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six hundred manufacturing corporations, each with assets of $1 billion or more, had combined assets of $3.3 trillion and a net profit of $209 billion, and accounted for 77.6 percent of all manufacturing assets and 80.2 percent of total net profits (U.S. Bureau of the Census 2000,558): While immense wealth has been accumulating in the hands of the wealthy owners of the giant corporations during this period of economic decline and crises, more and more workers have been experiencing a sharp drop in their real wages and standard of living over the past three decades. The resultant growing polarization between labor and capital has thus become crystallized in the distribution of income and wealth in the United States (Braun 1991; Kloby 1991; Rothman 2002). This is evident in data on the distribution of income in the United States over the past three decades. Thus, between 1970 and 2000, while the share in total income of the top 5 percent and the highest fifth of families increased, the share of the bottom three-fifths of families decreased. Data on the concentration of wealth in the United States also show the widening gap between the wealthy and the working class in recent decades. Thus, according to available data, between 1963 and 1983 the richest 10 percent of families have increased their share of total wealth by nearly 7 percent, owning by 1983 nearly 72 percent of all assets, and the top 0.5 percent of families have increased their share by nearly 10 percent, owning 35 percent of all assets, while the remaining 90 percent of families have experienced a drop in their share of total wealth by nearly 7 percent (Kloby 1987, 7). Moreover, if we exclude from these data homes for personal use, the disparity in wealth becomes even more glaring: in 1983, the richest 10 percent of families owned over 83 percent of all assets and the top 0.5 percent of families owned nearly half of all assets, while the remaining 90 percent of families owned less than 17 percent of the total. Furthermore, the richest 10 percent of families owned 78 percent of real estate, 89 percent of corporate stock, over 90 percent of bonds, and nearly 94 percent of all business assets. More significantly, the top 0.5 percent of all families accounted for nearly or over half of all assets, corporate stock, bonds, and business assets (Joint Economic Committee of the U.S. Congress cited in Kloby 1987,4-6; 1993,30-35). As the process of concentration and centralization of income and wealth moved full speed ahead during the Reagan Administration in the 1980s, the continuing class polarization has widened the gap between labor and capital still further during the 1990s and placed the workers into a desperate situation, facing indebtedness, economic uncertainty, and fear in securing the basic necessities of life, such as food, housing, and health care, for themselves and for their families.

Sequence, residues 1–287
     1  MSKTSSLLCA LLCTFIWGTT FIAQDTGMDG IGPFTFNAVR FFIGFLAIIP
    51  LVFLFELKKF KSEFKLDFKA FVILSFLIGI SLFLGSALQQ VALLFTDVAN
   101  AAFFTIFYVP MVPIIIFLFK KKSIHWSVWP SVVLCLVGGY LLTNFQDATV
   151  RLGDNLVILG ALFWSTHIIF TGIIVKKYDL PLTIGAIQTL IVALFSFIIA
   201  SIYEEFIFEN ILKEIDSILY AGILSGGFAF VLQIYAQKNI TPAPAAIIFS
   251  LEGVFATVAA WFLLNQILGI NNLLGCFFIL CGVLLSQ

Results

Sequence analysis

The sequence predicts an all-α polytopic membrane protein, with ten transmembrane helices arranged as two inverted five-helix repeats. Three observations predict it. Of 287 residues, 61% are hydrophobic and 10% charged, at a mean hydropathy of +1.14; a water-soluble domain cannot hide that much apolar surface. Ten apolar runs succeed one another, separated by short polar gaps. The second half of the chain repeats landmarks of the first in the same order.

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EMERGING CLASS STRUGGLES IN THE UNITED STATES


The persistent crisis of the U S . economy in the 1970s and 1980s has had a contradictory effect on state and class politics in the United States during the 1990s. On the one hand, there has been a sharp turn to the right, as manifested in the rise of the New Right and right-wing religious fundamentalism,an all out assault on labor, reversals of civil rights gains, attacks on womens rights, a repressive immigration policy, renewed militarization,an increase in F B I domestic surveillance, and covert Central Intelligence Agency operations to accompany an interventionist policy in Central America, the Middle East, and elsewhere (Parenti 1995). On the other hand, there has been a rise in the militancy of workers and other progressive forces in society in response to this assault. As the crisis of the capitalist economy has brought the advanced capitalist state to the center stage of economic life and revealed its direct ties to the monopolies: thus exacerbating the states legitimation crisis, the struggles of the working class and the masses in general are becoming increasingly political and are directed not merely against capital, but against the state itself. This transformation of the workers struggle from the economic to the political sphere will set the stage for protracted working-class struggles in the years ahead. While capitals answer to the growing ills of the U.S. economy has been further repression of the working-class and peoples movements by the capitalist state, working people across the country have taken the initiative to struggle against the system through strikes, protests, demonstrations, and other forms of defiance. These actions are clear examples of an increasing class consciousness within the U.S. working class; they are taking place in the context of an intensifying worldwide capitalist crisis and in the midst of a much more politicized international labor movement, from the Philippines and South Korea to Central and South America, western Europe, and elsewhere around the world (Howard 1995; Bina and Davis 2002). The globalizationof U.S. capital is bound to accelerate the politicizationof the U.S. working class and lead to the building of a solid foundation for international solidarity of workers on a world scale, directed against transnational capital and the advanced capitalist state in labors long-term struggle for state power.

NOTES
1. I would argue that, while the massive 508-point drop in the stock market on Black Monday in October 1987 was a reflection of the long-term structural defects